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Typologies of Prescription Opioid Use in a Large Sample of Adults Assessed for Substance Abuse Treatment

Typologies of Prescription Opioid Use in a Large Sample of Adults Assessed for Substance Abuse Treatment

  • Traci C. Green, 
  • Ryan Black, 
  • Jill M. Grimes Serrano, 
  • Simon H. Budman, 
  • Stephen F. Butler



As a population, non-medical prescription opioid users are not well-defined. We aimed to derive and describe typologies of prescription opioid use and nonmedical use using latent class analysis in an adult population being assessed for substance abuse treatment.


Latent class analysis was applied to data from 26,314 unique respondents, aged 18-70, self-reporting past month use of a prescription opioid out of a total of 138,928 cases (18.9%) collected by the Addiction Severity Index-Multimedia Version (ASI-MV®), a national database for near real-time prescription opioid abuse surveillance. Data were obtained from November 2005 through December 2009. Substance abuse treatment, criminal justice, and public assistance programs in the United States submitted data to the ASI-MV database (n = 538). Six indicators of the latent classes derived from responses to the ASI-MV, a version of the ASI modified to collect prescription opioid abuse and chronic pain experience. The latent class analysis included respondent home ZIP code random effects to account for nesting of respondents within ZIP code.


A four-class adjusted latent class model fit best and defined clinically interpretable and relevant subgroups: Use as prescribed, Prescribed misusers, Medically healthy abusers, and Illicit users. Classes varied on key variables, including race/ethnicity, gender, concurrent substance abuse, duration of prescription opioid abuse, mental health problems, and ASI composite scores. Three of the four classes (81% of respondents) exhibited high potential risk for fatal opioid overdose; 18.4% exhibited risk factors for blood-borne infections.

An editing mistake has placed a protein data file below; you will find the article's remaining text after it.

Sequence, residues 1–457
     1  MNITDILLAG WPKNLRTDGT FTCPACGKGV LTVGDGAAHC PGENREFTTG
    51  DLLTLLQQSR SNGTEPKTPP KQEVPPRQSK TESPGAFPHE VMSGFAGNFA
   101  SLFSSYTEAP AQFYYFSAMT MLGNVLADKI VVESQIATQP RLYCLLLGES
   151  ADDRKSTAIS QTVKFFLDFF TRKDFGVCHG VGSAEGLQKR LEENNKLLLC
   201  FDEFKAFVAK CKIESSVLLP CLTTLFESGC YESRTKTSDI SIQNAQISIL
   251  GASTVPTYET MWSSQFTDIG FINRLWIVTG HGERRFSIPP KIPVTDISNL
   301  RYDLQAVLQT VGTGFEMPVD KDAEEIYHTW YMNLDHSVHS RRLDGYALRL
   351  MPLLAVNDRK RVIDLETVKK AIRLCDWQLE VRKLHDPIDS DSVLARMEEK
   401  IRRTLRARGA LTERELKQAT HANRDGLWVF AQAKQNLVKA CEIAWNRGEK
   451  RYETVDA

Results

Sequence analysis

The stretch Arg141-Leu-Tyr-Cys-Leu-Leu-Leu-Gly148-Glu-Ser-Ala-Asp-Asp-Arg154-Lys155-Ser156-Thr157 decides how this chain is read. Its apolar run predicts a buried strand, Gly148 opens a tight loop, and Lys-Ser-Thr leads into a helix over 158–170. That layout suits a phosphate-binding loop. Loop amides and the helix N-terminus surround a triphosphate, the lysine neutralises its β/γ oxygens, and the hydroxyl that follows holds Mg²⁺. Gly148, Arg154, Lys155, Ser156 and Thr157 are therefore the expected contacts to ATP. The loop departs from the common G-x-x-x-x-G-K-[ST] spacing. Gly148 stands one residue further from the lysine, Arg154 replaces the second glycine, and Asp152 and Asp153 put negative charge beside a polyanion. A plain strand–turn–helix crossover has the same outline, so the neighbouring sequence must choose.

Multiple and distinct profiles of prescription opioid use were detected, suggesting a range of use typologies at differing risk for adverse events. Results may help clinicians and policy makers better focus overdose and blood-borne infection prevention efforts and intervention strategies for prescription opioid abuse reduction.


Since the 1960s, the availability and potency of prescription opioids in the United States (U.S.) has increased dramatically [1], [2], [3], with a concomitant increase in abuse of these medications [4]. Prescription opioids now outrank marijuana as the drug most associated with first time illicit drug use [4]. Non-medical use of prescription opioids is of public health concern because it is linked to serious personal health consequences, including addiction and fatal opioid overdose [5], injection drug use [6], and poly-drug use [7]. Drug-related deaths, primarily comprised of overdoses, overtook motor vehicle accidents in 2009 as the leading cause of accidental adult death in the US, an increase that has largely been attributed to greater involvement of prescription opioid medications [8], [9], [10]. Since 2002, deaths linked to prescription opioid medications outnumbered the total of deaths caused by heroin and cocaine combined [11]. A study by Hall and colleagues showed that 93.2% of all unintentional overdose deaths in West Virginia in 2006 could be attributed to prescription opioids [12].